Money in the Middle

Sandwich Generation Talking About Money Up, Down and Across Generations

Long-term care crisis looming-time to talk

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5 Generations

If we needed long-term care tomorrow, most of us are not financially prepared. 

If our parents needed long-term care tomorrow, most of us have no idea what financial resources they have or their expectations and desires for where to live, who will care for them.

Statistically, 72% of Americans will need some level of care later in life. 

The crisis in long-term care is coming.  For many of us, it is already here.  So what do we do about it? 

I attended a session on Women and Aging 2010:  America’s Emerging Crisis last week in Washington sponsored by the Volunteers of America.  They have a robust senior housing program including a program that helps those who want to stay in their home or community (Aging with Options program at Volunteers of America). 

Good research, good discussion by a good panel – but no answer to the question of how do we even begin to have the family conversation about long-term care and finances.  Parents – especially the GI Generation _ don’t want to talk about money.  Baby boomers are generally in denial that they will ever need care.

Everyone agreed we need to have family discussions about this topic.  But, no one had an answer on how to have that conversation before crisis mandates it. and that, of course, is the worse time to try to make any decisions about money or long-term care.

Michelle Singletary, a finance columnist from the Washington Post (her column on the panel)  recommended starting the conversation with children now – hopefully once you need care, they’ll know what you have and what you want.  She also joked that her long-term care plan is that she has 3 daughters (and long-tem care insurance.)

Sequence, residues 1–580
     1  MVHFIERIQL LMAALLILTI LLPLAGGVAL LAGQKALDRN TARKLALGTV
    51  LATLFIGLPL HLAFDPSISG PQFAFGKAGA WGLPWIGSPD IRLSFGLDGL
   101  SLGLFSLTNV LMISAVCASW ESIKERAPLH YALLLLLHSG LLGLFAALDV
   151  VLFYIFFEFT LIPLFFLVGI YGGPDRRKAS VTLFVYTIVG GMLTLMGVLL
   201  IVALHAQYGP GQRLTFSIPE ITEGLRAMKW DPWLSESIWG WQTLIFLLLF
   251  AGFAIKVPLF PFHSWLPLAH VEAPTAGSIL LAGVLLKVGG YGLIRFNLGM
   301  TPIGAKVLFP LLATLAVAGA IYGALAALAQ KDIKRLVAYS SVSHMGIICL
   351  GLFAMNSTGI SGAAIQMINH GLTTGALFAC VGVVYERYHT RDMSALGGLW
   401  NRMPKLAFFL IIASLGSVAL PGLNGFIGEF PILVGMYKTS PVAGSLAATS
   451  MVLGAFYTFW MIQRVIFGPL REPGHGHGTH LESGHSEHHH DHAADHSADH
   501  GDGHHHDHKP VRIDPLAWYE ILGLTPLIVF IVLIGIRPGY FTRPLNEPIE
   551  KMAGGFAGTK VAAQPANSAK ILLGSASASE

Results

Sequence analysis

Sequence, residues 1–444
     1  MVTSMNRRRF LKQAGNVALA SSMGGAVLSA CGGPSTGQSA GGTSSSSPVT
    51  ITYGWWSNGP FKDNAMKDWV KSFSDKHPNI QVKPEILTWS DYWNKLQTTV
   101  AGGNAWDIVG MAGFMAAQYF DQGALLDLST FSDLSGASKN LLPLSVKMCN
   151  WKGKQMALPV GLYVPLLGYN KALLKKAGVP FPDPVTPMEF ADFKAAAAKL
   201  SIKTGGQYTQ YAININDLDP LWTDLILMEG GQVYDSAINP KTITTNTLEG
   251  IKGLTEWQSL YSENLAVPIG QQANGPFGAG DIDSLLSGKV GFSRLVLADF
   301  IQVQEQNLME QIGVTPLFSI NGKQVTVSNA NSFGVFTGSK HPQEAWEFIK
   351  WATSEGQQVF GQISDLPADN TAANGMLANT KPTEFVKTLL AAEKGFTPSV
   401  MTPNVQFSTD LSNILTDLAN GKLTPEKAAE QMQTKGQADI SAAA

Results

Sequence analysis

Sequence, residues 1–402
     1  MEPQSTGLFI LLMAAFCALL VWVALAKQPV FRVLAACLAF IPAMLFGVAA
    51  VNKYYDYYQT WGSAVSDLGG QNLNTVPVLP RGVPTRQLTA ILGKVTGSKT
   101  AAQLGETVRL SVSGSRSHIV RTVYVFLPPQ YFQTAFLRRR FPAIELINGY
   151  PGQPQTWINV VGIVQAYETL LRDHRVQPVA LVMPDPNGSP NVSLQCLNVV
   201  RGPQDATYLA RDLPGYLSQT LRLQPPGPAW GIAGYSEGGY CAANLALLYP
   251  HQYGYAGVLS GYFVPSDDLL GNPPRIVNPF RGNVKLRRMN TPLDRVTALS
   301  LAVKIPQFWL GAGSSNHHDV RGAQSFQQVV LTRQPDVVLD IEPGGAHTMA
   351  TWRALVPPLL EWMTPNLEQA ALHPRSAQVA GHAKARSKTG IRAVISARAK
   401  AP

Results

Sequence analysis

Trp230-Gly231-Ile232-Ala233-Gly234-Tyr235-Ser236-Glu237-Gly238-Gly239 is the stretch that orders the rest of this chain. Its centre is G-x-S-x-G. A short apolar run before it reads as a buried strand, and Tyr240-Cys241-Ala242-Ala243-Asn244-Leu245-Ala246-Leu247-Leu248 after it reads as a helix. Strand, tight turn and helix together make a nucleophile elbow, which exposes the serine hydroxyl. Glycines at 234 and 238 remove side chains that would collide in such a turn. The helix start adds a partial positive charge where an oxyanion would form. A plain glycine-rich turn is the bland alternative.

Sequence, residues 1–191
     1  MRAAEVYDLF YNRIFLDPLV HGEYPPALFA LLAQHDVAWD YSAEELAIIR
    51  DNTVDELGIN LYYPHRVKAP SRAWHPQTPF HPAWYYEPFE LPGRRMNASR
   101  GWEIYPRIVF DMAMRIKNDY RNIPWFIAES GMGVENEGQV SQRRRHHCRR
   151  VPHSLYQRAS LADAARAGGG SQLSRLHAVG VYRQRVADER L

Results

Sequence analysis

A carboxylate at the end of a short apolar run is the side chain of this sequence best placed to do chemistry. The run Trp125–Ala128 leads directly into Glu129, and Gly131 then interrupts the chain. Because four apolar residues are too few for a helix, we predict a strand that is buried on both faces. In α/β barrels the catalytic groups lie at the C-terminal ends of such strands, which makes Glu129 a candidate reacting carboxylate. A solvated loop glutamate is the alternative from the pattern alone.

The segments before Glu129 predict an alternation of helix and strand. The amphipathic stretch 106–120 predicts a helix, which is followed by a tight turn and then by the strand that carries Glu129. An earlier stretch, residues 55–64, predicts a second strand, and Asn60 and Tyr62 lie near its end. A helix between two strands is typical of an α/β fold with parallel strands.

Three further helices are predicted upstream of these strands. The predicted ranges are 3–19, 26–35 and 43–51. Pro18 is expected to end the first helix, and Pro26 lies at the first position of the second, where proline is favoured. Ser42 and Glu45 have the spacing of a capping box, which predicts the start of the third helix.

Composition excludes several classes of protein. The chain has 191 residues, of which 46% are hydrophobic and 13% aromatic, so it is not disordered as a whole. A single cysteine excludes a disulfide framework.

But what do you do if you are caring for a parent now?  As a friend said to me today after her 92-year old mother went to the hospital with a hip fracture – “If I just knew what to plan for now –how long, what resources, what’s next. ”  But as those of us who have found ourselves in caregiving mode, planning need to happen a long time ago.  We just bump from crisis to crisis now – juggling life and catching our breath when we can.

This is a particularly important topic for women because we live longer and generally have lower incomes to support ourselves as we age.  The Volunteers of America survey said that among women caregivers, almost half (48%) say the recent economic downturn has made it harder for them to care for older loved ones.

And this is a middle class problem. As panel members noted — lots of money and you can pay for care, no money and you’ll qualify for government programs.  But a pension, Social Security and some savings and you’ll be figuring out how to pay for this care on your own.

 It’s not just the conversations at home – it’s flexibility in the workplace.  Almost half of the women surveyed (ages 45-65) expect to be called on to provide care to an older family member at some point in the future.  Yet elder-care doesn’t get the same flexibility in the workplace.  And the nature of eldercare giving is different – lots of doctor’s appointments and crisis events.

Volunteers of America says this is the beginning of a year-long discussion about women and aging.  That’s a good thing.  Because we’ve got a lot to talk about – and hopefully it can begin at home with a conversation today – or around Father’s Day if you need an event – to begin to talk about long-term care before the crisis hits.  It’s not just about money (though it’s an important part of the conversation)  it’s gaining the emotional intelligence so when the time comes you feel like you are on the preferred path.

 Michelle Singletary begins her column:  “The time has come.” 

Yes, it has.

America’s Caregiving and Aging Challenges, Volunteers of America research

video of Women and Aging panel discussion

Aging with Options program

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Written by Laura Rossman

May 18, 2010 at 7:08 pm

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